Divided States of America Notes on the Decline of a Great Nation
But today's crisis is far more comprehensive, extending to the social, political and spiritual realms. The worst thing about it is that the country still refuses to engage in any debate over the reasons for its decline. It seems as if many Americans today no longer want to talk about how they can strengthen their union. Criticism is seen as a betrayal of America's greatness.
But that notion of greatness leaves much to be desired. Other numbers can be readily added to those rattled off by the protagonist in Sorkin's "The Newsroom," and the results are sobering. For instance, the United States is no longer among the world's top 10 countries when it comes to the state of its infrastructure. In fact, it spends less than Europe to maintain its roads and bridges, tunnels, train stations and airports.
According to the US Federal Highway Administration, one in four of the more than 600,000 bridges in the world's richest country are either "inadequate" or outdated. According to some studies, the United States would have to invest some $225 billion a year between now and 2050 to regain an adequate, modern infrastructure. That's 60 percent more than it invests today.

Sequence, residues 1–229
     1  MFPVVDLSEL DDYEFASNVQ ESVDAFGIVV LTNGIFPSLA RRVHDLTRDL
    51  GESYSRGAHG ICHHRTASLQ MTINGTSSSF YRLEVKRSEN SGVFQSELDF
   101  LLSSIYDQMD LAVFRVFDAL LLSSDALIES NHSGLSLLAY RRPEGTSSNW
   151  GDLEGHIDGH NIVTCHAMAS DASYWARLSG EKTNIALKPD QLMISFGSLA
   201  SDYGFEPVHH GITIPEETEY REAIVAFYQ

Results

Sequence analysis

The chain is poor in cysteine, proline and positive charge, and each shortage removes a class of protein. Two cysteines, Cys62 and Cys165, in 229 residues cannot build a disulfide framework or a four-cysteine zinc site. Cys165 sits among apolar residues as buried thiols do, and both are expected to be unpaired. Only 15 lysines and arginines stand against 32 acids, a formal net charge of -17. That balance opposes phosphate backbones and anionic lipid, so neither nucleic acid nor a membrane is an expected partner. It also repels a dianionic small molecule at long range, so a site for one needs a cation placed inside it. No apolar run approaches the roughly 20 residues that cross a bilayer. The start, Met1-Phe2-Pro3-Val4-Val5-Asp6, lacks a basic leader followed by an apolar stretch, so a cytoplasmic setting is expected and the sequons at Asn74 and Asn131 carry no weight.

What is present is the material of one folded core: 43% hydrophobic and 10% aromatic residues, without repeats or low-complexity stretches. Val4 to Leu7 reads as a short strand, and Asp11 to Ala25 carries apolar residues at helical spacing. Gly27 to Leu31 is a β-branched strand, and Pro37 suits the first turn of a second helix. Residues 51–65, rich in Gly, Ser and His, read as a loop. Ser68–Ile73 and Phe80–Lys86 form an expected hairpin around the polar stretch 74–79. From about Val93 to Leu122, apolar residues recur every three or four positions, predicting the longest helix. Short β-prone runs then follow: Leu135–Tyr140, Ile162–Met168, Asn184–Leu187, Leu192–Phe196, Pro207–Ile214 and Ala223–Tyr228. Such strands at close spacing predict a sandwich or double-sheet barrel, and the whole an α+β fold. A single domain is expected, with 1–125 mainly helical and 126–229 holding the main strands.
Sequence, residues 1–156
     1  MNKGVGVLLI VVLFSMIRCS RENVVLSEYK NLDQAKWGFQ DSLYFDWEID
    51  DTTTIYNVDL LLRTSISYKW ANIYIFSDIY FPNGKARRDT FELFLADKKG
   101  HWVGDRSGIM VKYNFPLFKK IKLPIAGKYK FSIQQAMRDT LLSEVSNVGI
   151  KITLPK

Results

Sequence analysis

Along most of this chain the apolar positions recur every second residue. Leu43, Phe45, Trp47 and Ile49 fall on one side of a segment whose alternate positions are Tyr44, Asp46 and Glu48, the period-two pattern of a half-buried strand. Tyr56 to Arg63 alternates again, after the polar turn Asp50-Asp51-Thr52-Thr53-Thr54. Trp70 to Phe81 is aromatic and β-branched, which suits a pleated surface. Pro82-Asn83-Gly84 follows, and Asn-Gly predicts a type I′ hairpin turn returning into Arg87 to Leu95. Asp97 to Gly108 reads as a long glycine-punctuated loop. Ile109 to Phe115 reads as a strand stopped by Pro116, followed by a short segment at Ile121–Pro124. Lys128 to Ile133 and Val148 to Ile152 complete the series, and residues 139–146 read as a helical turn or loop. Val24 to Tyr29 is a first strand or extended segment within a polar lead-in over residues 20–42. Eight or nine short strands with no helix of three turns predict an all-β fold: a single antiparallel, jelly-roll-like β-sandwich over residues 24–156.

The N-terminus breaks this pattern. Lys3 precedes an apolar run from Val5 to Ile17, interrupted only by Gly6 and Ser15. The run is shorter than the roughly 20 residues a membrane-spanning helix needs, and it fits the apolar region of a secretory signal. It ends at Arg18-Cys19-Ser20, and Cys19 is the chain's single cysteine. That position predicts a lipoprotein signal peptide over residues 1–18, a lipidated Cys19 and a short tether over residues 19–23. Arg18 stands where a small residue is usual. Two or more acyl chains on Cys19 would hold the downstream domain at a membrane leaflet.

A Lack of Strength
It isn't hard to predict that this won't happen. The hatred of big government has reached a level in the United States that threatens the country's very existence. Americans everywhere may vow allegiance to the nation and its proud Stars and Stripes, but when it comes time to pay the bills and distribute costs, and when solidarity is needed, all sense of community evaporates.